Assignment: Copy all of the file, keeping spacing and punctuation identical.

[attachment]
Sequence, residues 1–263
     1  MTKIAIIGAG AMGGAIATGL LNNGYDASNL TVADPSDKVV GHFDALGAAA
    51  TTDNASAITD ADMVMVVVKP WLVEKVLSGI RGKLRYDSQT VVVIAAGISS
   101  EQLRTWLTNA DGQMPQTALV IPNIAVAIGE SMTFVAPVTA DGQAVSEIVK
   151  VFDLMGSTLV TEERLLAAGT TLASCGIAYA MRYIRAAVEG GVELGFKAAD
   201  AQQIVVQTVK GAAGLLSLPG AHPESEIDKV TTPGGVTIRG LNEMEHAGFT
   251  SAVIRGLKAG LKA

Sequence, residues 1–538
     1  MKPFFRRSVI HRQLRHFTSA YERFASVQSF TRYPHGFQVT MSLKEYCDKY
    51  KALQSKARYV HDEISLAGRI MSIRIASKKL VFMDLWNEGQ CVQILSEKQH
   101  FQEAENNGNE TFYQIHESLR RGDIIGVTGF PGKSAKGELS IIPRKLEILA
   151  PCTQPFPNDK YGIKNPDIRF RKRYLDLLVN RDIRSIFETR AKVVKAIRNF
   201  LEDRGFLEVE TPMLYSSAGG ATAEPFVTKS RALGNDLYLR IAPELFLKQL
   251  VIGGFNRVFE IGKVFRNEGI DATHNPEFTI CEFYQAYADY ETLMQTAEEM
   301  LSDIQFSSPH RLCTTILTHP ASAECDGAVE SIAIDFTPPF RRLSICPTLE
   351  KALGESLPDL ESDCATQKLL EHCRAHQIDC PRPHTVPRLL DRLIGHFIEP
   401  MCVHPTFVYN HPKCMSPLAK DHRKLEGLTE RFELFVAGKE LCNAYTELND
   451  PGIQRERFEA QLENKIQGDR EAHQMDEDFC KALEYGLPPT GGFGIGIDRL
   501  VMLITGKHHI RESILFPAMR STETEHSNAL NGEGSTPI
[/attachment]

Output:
Sequence, residues 1–263
     1  MTKIAIIGAG AMGGAIATGL LNNGYDASNL TVADPSDKVV GHFDALGAAA
    51  TTDNASAITD ADMVMVVVKP WLVEKVLSGI RGKLRYDSQT VVVIAAGISS
   101  EQLRTWLTNA DGQMPQTALV IPNIAVAIGE SMTFVAPVTA DGQAVSEIVK
   151  VFDLMGSTLV TEERLLAAGT TLASCGIAYA MRYIRAAVEG GVELGFKAAD
   201  AQQIVVQTVK GAAGLLSLPG AHPESEIDKV TTPGGVTIRG LNEMEHAGFT
   251  SAVIRGLKAG LKA

Sequence, residues 1–538
     1  MKPFFRRSVI HRQLRHFTSA YERFASVQSF TRYPHGFQVT MSLKEYCDKY
    51  KALQSKARYV HDEISLAGRI MSIRIASKKL VFMDLWNEGQ CVQILSEKQH
   101  FQEAENNGNE TFYQIHESLR RGDIIGVTGF PGKSAKGELS IIPRKLEILA
   151  PCTQPFPNDK YGIKNPDIRF RKRYLDLLVN RDIRSIFETR AKVVKAIRNF
   201  LEDRGFLEVE TPMLYSSAGG ATAEPFVTKS RALGNDLYLR IAPELFLKQL
   251  VIGGFNRVFE IGKVFRNEGI DATHNPEFTI CEFYQAYADY ETLMQTAEEM
   301  LSDIQFSSPH RLCTTILTHP ASAECDGAVE SIAIDFTPPF RRLSICPTLE
   351  KALGESLPDL ESDCATQKLL EHCRAHQIDC PRPHTVPRLL DRLIGHFIEP
   401  MCVHPTFVYN HPKCMSPLAK DHRKLEGLTE RFELFVAGKE LCNAYTELND
   451  PGIQRERFEA QLENKIQGDR EAHQMDEDFC KALEYGLPPT GGFGIGIDRL
   501  VMLITGKHHI RESILFPAMR STETEHSNAL NGEGSTPI